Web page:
def as_json(options = {})

 super(options.merge(include: :comments))

end

 – setup your base routes:

root to: ‘application#angular’

resources :posts, only: [:create, :index, :show] do

 resources :comments, only: [:show, :create] do

 member do put ‘/upvote’ => ‘comments#upvote’

 end

end

member do put ‘/upvote’ => ‘posts#upvote’ end end

Nesting resources will create urls like this: posts/1/comment/3

By specifying member do, you are also simplifying some of the resources out of the deep nesting

 – using “rake routes” at this point will tell you what kind of routes you have defined

– now is time to create your controllers, make sure you skip the templates and assets creation when doing so:

rails generate controller Posts –skip-assets –skip-template-engine

rails generate controller Comments –skip-assets –skip-template-engine

 – add the following line to your application controller, so it responds back in json format:

respond_to :json

– in the newer versions of rails, you will need to add this gem to your Gemfile to get that respond_to functionality:

gem ‘responders’, ‘~> 2.0’

 – tell your controllers which parameters are allowed, and also create the basic controller methods:

def index
respond_with Post.all
end

def create
respond_with Post.create(post_params)
end

def show
respond_with Post.find(params[:id])
end

def upvote
post = Post.find(params[:id])
post.increment!(:upvotes)

respond_with post
end

private
def post_params
params.require(:post).permit(:link, :title)
end
end

– back to your front end: setup your factory to be able to retrieve all of your records by means of hitting your index method (see how $http is injected, and how the getAll function is implemented as a promise)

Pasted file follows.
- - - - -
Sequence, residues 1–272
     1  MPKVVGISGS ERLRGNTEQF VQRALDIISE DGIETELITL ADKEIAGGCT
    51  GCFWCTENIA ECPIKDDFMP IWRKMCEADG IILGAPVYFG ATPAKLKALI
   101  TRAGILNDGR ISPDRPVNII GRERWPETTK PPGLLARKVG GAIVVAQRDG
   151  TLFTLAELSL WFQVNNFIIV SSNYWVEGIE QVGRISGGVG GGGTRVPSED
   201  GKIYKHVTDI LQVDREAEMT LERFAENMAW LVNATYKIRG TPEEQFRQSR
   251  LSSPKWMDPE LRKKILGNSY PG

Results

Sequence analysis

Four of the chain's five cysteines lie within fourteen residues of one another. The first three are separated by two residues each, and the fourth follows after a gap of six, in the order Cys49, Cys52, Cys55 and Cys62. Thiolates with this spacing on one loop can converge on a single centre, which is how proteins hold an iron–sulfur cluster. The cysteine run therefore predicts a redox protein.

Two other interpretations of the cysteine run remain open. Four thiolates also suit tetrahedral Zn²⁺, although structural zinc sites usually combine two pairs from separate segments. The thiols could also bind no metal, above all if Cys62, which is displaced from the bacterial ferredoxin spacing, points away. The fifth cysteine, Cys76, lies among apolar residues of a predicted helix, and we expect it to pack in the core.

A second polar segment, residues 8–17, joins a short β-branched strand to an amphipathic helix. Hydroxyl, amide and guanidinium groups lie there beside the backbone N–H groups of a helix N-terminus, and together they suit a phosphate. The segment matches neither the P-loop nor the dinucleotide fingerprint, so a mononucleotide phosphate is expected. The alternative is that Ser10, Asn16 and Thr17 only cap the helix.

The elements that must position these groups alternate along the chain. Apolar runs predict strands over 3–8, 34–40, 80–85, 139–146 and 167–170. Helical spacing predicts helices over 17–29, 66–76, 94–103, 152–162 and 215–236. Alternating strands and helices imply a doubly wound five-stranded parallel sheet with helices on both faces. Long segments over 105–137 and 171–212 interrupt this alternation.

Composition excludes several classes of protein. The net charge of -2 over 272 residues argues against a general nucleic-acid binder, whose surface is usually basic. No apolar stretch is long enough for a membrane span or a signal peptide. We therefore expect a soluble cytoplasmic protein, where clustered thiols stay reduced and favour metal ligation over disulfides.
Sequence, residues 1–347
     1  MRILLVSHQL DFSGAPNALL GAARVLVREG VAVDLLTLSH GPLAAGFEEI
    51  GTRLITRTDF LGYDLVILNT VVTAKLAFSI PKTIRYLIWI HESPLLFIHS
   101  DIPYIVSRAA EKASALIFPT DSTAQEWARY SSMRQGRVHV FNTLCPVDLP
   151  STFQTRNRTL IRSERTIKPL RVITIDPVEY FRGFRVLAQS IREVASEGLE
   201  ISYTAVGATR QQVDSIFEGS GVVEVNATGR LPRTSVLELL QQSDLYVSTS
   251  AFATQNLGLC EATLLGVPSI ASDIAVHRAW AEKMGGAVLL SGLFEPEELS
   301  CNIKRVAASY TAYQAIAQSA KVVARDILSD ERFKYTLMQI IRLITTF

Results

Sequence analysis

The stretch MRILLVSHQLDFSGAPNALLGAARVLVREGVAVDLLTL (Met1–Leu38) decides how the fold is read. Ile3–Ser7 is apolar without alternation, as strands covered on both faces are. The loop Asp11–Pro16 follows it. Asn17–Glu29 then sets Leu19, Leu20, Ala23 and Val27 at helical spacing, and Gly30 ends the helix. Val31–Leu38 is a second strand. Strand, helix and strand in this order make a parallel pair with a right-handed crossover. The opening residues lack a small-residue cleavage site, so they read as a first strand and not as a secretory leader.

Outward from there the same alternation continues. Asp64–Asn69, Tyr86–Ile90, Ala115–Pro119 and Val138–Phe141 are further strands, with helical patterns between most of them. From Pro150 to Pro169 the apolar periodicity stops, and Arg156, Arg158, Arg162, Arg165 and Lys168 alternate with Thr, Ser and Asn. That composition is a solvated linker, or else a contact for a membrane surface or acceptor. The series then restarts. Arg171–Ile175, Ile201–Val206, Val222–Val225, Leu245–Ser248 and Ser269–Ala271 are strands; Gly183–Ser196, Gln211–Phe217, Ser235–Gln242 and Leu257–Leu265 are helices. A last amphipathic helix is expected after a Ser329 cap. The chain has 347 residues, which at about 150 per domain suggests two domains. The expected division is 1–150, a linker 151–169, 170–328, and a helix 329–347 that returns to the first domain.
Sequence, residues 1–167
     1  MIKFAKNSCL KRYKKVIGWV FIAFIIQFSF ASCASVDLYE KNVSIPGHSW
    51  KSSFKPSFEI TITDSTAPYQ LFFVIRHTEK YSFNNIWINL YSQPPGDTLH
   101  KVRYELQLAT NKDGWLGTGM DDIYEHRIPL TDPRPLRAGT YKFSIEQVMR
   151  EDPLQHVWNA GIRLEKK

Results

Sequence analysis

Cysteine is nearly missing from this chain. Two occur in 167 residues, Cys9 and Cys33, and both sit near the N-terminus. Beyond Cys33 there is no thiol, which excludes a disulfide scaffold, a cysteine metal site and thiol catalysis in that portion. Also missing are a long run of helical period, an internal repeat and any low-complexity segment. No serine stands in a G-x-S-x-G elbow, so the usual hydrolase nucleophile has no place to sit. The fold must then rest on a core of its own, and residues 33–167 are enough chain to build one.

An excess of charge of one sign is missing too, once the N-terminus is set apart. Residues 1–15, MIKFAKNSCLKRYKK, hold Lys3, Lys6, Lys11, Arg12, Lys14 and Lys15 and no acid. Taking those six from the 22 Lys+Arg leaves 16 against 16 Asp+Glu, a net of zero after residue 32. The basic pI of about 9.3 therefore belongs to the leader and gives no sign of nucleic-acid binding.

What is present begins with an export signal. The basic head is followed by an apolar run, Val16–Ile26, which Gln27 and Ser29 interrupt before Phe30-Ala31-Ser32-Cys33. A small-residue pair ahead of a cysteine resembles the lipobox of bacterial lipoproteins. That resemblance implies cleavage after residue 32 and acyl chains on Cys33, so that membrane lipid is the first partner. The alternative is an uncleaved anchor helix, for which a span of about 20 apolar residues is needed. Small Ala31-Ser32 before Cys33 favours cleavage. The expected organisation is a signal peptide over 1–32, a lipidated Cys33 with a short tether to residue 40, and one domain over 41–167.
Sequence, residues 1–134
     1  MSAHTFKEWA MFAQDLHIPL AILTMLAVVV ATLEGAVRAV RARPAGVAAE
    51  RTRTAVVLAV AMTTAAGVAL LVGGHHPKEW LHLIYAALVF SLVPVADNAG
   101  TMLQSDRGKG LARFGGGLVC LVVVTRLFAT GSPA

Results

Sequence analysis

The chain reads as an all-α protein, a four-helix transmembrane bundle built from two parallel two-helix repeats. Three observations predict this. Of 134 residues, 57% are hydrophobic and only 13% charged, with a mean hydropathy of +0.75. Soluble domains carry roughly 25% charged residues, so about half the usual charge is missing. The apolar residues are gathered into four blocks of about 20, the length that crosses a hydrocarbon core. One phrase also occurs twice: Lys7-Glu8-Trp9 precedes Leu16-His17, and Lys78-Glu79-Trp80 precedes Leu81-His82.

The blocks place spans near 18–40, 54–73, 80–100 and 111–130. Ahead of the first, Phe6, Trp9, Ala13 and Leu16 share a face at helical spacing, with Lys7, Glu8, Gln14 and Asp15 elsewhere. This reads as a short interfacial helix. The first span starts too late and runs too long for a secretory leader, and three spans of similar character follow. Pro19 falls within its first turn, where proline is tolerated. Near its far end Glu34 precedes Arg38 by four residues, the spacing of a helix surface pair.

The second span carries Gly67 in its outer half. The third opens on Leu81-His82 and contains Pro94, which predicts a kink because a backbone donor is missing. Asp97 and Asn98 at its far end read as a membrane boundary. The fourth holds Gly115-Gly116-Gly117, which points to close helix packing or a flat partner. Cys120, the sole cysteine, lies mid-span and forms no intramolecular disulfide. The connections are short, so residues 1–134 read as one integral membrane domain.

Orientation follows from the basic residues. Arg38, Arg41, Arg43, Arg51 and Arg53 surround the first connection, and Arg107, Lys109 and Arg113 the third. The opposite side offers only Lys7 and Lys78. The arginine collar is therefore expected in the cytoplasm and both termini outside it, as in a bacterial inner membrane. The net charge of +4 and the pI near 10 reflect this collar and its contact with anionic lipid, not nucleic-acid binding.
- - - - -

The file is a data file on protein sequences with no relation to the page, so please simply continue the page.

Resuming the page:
angular.module(‘flapperNews’)

.factory(‘posts’, [‘$http’, function(){

  var o = {

  posts: []

  };

  o.getAll = function() {

  return $http.get(‘/posts.json’).success(function(data){

  angular.copy(data, o.posts);

  });

  };

  return o;

}]);

– now, if you want your view to refresh with the server data every time the UI calls “home”, you need to set your stateProvider with the “resolve” property:

$stateProvider

  .state(‘home’, {

  url: ‘/home’,

  templateUrl: ‘templates/_home.html’,

  controller: ‘MainCtrl’,

  resolve: {

  postPromise: [‘posts’, function(posts){

 return posts.getAll();

 }]

  }

  })

 – to be able to create post, add the following to your post service:

o.create = function(post) { return $http.post(‘/posts.json’, post).success(function(data){ o.posts.push(data); }); };

– and, in your main controller:

$scope.addPost = function(){ if(!$scope.title || $scope.title === ) { return; } posts.create({ title: $scope.title, link: $scope.link, }); $scope.title = ; $scope.link = ; };

– by default, rails has protection against fake posts, so in order to save the data you are posting, you will need to add the following gem (otherwise you will be getting “422 unprocessable entry” error messages